How to Lie with Maps, Third Edition

Mark Monmonier’s How to Lie with Maps has always been about how to read maps, not how to make them. The map-using public is inclined not only to believe what’s on the map, but to trust it: why would so many people willingly drive their cars into ditches, if they didn’t trust their cars’ navigation systems more than their own eyes? Monmonier prescribes “a healthy skepticism” about maps, and this book is a tool to that end: “I want to make readers aware that maps, like speeches and paintings, are authored collections of information and are also subject to distortions arising from ignorance, greed, ideological blindness, or malice.”1 The book is essentially a cheat sheet, showing all the ways that maps can be made to shade, or at the very least, select the truth. At the minimum, mapmakers must decide what to include or exclude, and those decisions may not necessarily be honest or fair.

The first edition of How to Lie with Maps came out in 1991, the second in 1996. (See my review of the second edition here.) Since then the cartographic landscape is much changed: the map a person may use most frequently may come via their phone rather than paper. But the advice found in this book is still valid. What goes for a paper map is still relevant to the map you call up on your iPhone. And so now, 22 years later, we have a third edition of How to Lie with Maps, which came out from the University of Chicago Press last April. For the most part it’s familiar territory. Other than a nip and tuck here and there and a few new chapters at the end, it’s largely the same book it was in 1996. How does it measure up in the present moment?

Mostly well, with some caveats. The core message of How to Lie with Maps will not become obsolete until maps do, which is to say never; but the examples and emphases are starting to become a bit dated. The reader might have to do a little more work in some cases to see the applicability of a chapter—to translate it into familiar terms—but that effort will be rewarded. For example, I think that everyone working with web-based maps should become quite familiar with chapter 3, “Map Generalization,” for its insights on what to include and exclude at different scales. The chapter on data maps, discussing the use of choropleths, cartograms and other data visualizations, is absolutely essential: so many of the maps being circulated as memes are data maps of some kind, and anything that improves the critical eye with regard to such maps is going to help.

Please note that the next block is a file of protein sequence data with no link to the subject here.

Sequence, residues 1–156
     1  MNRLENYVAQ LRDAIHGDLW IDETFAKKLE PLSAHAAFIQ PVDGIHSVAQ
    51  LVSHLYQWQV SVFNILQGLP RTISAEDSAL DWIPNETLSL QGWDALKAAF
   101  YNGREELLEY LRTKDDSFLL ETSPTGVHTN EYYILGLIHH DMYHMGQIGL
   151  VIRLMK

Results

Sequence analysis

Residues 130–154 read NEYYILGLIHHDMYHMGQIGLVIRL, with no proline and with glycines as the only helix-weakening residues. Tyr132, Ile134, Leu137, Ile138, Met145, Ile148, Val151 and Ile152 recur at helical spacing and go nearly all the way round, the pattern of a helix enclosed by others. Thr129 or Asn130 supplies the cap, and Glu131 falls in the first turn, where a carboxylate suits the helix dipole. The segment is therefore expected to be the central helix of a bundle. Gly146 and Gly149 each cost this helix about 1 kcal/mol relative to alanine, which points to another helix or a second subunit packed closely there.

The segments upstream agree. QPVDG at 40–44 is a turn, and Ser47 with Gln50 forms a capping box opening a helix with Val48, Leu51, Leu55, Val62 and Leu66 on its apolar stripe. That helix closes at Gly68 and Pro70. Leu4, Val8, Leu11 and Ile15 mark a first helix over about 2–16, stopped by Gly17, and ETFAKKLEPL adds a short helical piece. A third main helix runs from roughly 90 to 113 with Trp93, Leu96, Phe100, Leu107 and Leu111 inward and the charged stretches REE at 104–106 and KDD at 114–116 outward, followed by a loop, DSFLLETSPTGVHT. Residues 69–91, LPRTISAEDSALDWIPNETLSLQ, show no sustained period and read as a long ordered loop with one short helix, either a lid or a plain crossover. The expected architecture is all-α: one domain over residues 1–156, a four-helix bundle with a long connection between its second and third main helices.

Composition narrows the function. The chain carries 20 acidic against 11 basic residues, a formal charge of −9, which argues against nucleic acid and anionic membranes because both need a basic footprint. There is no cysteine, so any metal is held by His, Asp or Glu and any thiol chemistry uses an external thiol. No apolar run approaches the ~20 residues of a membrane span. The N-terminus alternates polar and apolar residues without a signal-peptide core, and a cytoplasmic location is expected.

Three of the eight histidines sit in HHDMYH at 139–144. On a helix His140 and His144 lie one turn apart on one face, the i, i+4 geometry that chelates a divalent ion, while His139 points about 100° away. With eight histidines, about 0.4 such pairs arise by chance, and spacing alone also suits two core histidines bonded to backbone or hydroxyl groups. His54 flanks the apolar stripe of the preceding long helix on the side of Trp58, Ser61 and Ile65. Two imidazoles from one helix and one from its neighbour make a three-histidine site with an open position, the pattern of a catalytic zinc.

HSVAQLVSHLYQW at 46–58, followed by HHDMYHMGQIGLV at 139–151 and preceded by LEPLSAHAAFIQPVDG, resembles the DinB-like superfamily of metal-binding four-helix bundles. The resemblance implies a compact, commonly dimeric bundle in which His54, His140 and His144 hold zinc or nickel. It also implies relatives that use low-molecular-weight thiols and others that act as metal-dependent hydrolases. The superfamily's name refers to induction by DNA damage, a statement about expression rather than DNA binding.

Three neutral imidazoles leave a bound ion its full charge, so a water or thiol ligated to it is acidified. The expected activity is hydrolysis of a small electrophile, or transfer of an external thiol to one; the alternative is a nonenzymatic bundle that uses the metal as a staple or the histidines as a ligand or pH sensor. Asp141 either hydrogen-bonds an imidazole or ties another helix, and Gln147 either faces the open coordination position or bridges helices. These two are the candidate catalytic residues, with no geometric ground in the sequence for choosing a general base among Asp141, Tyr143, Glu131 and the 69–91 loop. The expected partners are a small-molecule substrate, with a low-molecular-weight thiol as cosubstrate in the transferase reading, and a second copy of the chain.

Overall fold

But that chapter on data maps does get a bit lost in the weeds, especially for the general reader. And I’d have liked to have seen something on heat maps akin to this xkcd cartoon:

Bad internet maps have been described as a “social media plague”: they’re popular, they’re insidious, and they’re often not even wrong. But they’re not specifically dealt with in How to Lie with Maps, and that’s a blind spot: in the era of fake news, hoaxes and state-sponsored mendacity, maps that go viral are the ones most in need of a vaccination campaign.

Instead, the new chapters focus on image maps (satellite and aerial imagery), prohibitive cartography (which seems out of place here, and seems more a summary of Monmonier’s other work) and “fast maps,” which is more about web-based mapping than the stuff that gets shared on social media. The new chapters are noticeably more concise than the old. The net effect is a book that is still important, still relevant and still badly needed, but whose updates don’t quite bring it up to the present.

I received a review copy from the publisher.

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Notes

  1. Mark Monmonier, How to Lie with Maps, 3rd ed. (Chicago: University of Chicago Press, 2018), p. 2. The phrase is identical in the second edition (Chicago: University of Chicago Press, 1996), where it also appears on page two.

Author: Jonathan Crowe

I blog about maps at The Map Room, review books for AE: The Canadian Science Fiction Review, and edit a fanzine called Ecdysis.